Reverse logistics has become a vital part of the growing e-commerce sector, and the efficient management of returned goods has become a necessity for e-retailers. According to the market estimations, nearly 30% of purchased products on e-commerce platforms are returned. Adopting technology is necessary for market players to manage a huge volume of returns. E-retailers and warehouse owners have partnered with tech companies and startups to reduce waste generated during returns.
However, the Coronavirus disease (COVID-19) pandemic has brought new challenges in managing reverse logistics and market players need to take all the safety precautions and devise strategies to reduce the waste. With adoption of technology and safety measures, the market for reverse logistics would boom in coming years. According to a report published by Allied Market Research, the global reverse logistics market is expected to reach $603.90 billion by 2025. Following are some of the activities taking place in the industry.
Adopting technology to optimize return processes is a recent trend adopted by retailers and organizations. Tech market players have realized the opportunities in the sector and brought their technological solutions.
Partnership with tech startups in order to reduce waste produced in the reverse logistics process is one of the smartest steps taken by organizations.
COVID-19 impact on reverse logistics
With remote working on the table, the burden on IT equipment would increase considerably. Deployment of state-of-the-art infrastructure has become a priority for organizations for continuity of businesses. Not every organization has advanced equipment and many have been scrapping old ones to make a room for updated ones. Equipment manufacturers or reverse logistics companies need to handle the influx of returned or replaced products during the pandemic.
There has been disruption in the reverse logistics chain due to the lockdown across many countries. Many consumers have held back their items, waiting for reopening of chains. This disruption would cause havoc once the supply chain begins as restrictions on lockdown ease off. To efficiently manage the flood of returns, retailers need to deploy the practices and technologies they deploy during the holiday season. Retailers and warehouse owners can deploy data-driven technology that can scan and asses the returned items. Based on the data points, owners can determine what needs to be done with the product. If it shows that items can be refurbished and sold again, it will reduce the waste and enhance profitability. The technology can be useful for those products sold online. Experts have also expressed concerns over the warehouse spaces for storing the returned products. Online retailers have pushed the timeline for anniversary sales from July to August to assess return inventory and take further steps accordingly.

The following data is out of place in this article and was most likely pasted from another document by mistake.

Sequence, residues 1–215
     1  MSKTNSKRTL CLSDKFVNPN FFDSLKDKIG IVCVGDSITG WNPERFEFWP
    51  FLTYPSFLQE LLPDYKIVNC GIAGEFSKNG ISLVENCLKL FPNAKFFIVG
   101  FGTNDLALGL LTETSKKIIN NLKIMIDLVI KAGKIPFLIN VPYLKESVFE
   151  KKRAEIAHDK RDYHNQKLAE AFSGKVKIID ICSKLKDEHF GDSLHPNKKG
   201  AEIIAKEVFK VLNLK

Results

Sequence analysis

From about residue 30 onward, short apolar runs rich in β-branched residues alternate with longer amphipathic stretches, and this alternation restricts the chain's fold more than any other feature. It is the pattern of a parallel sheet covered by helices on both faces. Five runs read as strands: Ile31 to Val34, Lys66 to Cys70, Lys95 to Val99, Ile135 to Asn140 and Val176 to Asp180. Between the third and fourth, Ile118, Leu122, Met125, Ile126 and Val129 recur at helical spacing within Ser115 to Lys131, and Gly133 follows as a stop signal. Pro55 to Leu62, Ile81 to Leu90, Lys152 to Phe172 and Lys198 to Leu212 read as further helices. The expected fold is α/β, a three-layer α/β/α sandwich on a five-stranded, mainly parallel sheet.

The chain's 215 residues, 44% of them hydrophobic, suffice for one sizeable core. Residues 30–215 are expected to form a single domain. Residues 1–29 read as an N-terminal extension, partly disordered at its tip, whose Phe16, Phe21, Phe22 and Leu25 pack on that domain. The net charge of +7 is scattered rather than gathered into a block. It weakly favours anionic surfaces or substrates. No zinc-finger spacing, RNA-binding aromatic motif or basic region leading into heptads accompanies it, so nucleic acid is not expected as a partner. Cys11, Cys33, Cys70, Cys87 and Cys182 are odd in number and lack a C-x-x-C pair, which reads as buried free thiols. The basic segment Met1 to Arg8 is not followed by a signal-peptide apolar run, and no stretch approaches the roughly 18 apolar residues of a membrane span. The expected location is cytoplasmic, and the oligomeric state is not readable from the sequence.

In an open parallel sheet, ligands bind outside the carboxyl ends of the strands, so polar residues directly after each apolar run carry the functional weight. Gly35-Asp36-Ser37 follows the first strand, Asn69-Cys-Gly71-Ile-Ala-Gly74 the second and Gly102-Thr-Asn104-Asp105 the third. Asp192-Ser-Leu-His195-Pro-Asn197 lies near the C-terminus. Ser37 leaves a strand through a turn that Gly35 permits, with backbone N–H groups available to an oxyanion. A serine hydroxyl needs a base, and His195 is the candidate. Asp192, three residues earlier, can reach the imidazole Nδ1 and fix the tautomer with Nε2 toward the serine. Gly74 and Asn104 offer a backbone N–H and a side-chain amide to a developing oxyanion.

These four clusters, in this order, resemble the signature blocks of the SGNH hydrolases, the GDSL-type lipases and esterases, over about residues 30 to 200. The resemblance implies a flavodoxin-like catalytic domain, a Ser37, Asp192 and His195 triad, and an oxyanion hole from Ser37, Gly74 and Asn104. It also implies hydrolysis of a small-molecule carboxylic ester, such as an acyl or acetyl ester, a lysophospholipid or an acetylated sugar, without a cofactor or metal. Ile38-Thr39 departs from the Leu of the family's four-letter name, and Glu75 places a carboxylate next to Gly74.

There are concerns over disinfecting and cleaning of those items to prevent infection as it is found that the coronavirus can live on surfaces for hours and days. In warehouses, safety must be made the first priority for workers. Safety guidelines and recommendations by governments should be followed and procedures should be established accordingly. There has been reallocation of workers from stores to warehouses due to handle the workload efficiently. As many workers have been reluctant to return to work, retailers must demonstrate the safety precautions and educate workers on safety practices.